Monday, January 25, 2010

Would You Want to be Called an Injury in Waiting?

The first part of Nick Cafardo's notes column from yesterday discusses the odd circumstances of Jason Bay's departure, tying his decision to leave to Boston's insistence on a contract with protection clauses against injury. Cafardo points out that Lackey and Drew both agreed to take pay cuts or lose options if they become injured, suspects that Boston will require the same stipulations of Beckett and Papelbon, and noted that Dr. Thomas Gill, the team physician who questioned the strength of Bay's shoulder, made the prescient call on the future of Pedro. As you might expect, all of these points lead up to coup de grace indictment of Bay's decision:
What’s puzzling is that if he felt so confident about his physical condition, and understood how good Fenway and Boston were to him, why wouldn’t he go along with the medical provisions, just as some prominent teammates had? If the Sox - according to Bay’s version - were willing to go three guaranteed years and a fourth year with medical protection at $15 million per year, what was so offensive about that?
I expect the answer is little simpler than Cafardo expects: even though four years at Fenway would likely make Bay's numbers far more attractive than four years at Citi Field, choosing to accept a medical provision brands Bay as a player with suspect boy body parts, even if he makes it all four years without injury. At the end of his contract, Bay would be in his mid-30s, already looking at less money as his career declines, and wouldn't want to carry the value-lowering label of potential injury in the bargain. He may be screwed either way: by declining a medical provision while insisting he's healthy, he gives power to the argument that he's an injury waiting to happen, but I can understand why he might have chosen the contract with the Mets as the lesser of two evils.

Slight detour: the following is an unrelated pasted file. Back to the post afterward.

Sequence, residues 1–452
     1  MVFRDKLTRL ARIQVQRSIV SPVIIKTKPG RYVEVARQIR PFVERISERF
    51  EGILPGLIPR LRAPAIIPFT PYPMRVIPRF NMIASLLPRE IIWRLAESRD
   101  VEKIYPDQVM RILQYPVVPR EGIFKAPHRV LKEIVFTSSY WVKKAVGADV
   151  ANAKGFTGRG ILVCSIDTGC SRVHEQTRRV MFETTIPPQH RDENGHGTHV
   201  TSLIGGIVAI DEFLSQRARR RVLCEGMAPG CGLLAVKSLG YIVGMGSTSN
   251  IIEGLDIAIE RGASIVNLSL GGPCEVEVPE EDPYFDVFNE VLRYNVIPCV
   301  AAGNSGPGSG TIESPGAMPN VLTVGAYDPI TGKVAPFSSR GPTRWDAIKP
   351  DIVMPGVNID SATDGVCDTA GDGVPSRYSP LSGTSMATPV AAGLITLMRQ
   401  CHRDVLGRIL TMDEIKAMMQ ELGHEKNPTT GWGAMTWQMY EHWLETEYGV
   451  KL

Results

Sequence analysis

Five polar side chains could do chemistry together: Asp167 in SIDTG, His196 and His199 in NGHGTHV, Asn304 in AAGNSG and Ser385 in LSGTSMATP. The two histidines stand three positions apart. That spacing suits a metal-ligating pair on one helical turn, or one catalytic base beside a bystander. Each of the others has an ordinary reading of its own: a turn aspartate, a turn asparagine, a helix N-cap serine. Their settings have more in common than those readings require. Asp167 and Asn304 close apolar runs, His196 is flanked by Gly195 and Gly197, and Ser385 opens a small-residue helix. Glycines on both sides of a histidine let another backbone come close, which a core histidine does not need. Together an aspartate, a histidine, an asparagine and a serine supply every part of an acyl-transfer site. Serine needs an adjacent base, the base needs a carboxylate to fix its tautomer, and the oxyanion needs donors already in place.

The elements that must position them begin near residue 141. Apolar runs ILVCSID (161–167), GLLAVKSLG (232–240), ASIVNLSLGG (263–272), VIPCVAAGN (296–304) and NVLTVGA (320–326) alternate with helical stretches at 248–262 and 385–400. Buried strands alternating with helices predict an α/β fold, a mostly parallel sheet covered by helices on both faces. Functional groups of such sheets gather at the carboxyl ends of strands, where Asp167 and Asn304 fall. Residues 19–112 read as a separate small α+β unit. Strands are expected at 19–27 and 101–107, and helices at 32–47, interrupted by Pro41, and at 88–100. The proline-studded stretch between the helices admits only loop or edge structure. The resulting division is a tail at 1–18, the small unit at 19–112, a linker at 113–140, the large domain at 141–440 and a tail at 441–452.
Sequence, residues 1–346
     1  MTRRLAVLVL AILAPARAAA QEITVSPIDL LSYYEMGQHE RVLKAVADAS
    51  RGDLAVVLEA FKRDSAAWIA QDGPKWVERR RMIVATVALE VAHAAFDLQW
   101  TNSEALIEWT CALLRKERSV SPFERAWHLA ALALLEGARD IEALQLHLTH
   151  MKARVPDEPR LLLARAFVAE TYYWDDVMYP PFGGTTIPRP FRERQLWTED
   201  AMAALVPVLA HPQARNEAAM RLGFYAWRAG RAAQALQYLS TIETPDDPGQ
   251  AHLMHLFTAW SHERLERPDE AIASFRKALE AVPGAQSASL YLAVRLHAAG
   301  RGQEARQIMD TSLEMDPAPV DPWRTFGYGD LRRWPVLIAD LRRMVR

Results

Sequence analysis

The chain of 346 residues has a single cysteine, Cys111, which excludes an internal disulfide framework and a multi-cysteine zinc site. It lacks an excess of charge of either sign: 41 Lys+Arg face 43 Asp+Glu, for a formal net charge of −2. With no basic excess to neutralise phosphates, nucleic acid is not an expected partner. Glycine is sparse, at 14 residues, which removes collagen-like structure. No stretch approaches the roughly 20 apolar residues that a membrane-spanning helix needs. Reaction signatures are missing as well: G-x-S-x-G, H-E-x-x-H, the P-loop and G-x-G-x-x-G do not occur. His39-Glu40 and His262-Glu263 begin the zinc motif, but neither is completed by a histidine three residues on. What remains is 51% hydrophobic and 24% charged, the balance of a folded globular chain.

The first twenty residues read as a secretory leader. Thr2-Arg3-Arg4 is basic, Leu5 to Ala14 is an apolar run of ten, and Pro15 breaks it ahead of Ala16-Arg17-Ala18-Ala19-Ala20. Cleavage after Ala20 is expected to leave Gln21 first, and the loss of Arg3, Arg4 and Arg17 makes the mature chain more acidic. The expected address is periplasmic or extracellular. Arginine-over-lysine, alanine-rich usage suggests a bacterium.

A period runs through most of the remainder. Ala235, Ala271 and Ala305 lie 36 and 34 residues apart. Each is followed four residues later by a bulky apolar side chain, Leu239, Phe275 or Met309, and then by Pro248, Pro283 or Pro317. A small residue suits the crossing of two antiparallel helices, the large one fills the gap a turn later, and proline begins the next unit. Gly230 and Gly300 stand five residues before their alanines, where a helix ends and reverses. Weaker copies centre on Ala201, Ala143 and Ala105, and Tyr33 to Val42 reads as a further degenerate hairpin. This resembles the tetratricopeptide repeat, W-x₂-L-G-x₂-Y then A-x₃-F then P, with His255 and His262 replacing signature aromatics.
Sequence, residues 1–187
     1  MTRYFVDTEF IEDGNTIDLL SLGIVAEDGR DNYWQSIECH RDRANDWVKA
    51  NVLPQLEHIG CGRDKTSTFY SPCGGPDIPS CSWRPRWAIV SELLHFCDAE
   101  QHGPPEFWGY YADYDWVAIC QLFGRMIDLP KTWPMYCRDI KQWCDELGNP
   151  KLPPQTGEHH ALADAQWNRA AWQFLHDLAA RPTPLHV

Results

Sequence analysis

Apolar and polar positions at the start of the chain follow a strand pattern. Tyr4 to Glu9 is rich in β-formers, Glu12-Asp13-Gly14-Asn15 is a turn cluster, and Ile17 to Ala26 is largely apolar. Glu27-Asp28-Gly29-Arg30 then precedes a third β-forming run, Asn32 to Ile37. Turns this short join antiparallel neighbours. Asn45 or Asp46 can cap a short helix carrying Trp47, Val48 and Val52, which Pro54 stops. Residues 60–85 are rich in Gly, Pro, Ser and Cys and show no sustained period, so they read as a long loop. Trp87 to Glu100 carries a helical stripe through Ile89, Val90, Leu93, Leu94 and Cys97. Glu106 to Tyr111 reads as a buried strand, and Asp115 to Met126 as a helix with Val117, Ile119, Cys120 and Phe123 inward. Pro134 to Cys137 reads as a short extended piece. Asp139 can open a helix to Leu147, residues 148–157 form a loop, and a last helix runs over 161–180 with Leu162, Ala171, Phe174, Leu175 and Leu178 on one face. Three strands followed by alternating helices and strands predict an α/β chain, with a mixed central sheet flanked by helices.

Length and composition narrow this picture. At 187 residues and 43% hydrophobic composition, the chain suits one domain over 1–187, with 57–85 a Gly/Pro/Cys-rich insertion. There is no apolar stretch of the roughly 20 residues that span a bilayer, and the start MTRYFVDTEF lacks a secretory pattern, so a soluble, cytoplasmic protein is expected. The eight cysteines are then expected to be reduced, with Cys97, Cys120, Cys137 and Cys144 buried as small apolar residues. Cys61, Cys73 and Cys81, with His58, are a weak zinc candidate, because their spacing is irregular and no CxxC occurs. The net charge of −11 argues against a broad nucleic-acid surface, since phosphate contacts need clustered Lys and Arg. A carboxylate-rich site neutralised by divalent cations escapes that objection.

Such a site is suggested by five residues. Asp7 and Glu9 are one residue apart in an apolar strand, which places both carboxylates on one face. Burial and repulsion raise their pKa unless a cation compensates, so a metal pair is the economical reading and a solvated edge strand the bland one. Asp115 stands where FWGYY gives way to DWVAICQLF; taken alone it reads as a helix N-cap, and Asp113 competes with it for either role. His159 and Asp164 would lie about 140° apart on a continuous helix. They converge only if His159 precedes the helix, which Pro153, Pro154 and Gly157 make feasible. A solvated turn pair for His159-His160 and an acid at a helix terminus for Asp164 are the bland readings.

Wednesday, January 20, 2010

Theo Epstein Cares Not For Your Arbitration

I was going to look over the news of the Papelbon signing without comment, until it occurred to me that the Sox just rewarded a decline in performance with the largest contract ever given to a fourth-year closer. The Globe puts the numbers pretty well:
His ERA was down from 2008 (2.34), but perhaps the more notable change was his WHIP (walks plus hits per inning pitched), which increased to a career-high 1.15. His WHIP was 0.95 in 2008 and 0.77 in 2007. His strikeout-to-walk ratio also sank to a career low (for any of his full seasons in the majors) of 3.17-1. He put up a mark of 9.63-1 in 2008 and 5.60-1 in 2007. He set a career high in walks with 24.
The new deal comes after the expiration of a deal that made him the highest paid first-year arbitration-eligible closer, and two years after the deal that broke the record for highest salary to a non-arbitration-eligible closer...and four months after the blown save that ended the season in a sweep. I'm not saying that Papelbon is washed up or shouldn't be paid as an elite closer, but even if the Sox are keeping the money on a short leash because they think they'll replace Papelbon with Bard in a year or two, why pay an arbitration-eligible player that much more just to keep things from moving to the arbiter? My theory: it's Theo's arbitration-free streak that make Boston willing to pay more, even if the numbers suggest they're taking a risk. After all, it seems logical that keeping younger players from having to go to a third party to make the money they think is fair would give the Sox a reputation as a place where young players would want to sign, making signing draft picks and motivating minor league talent a little easier.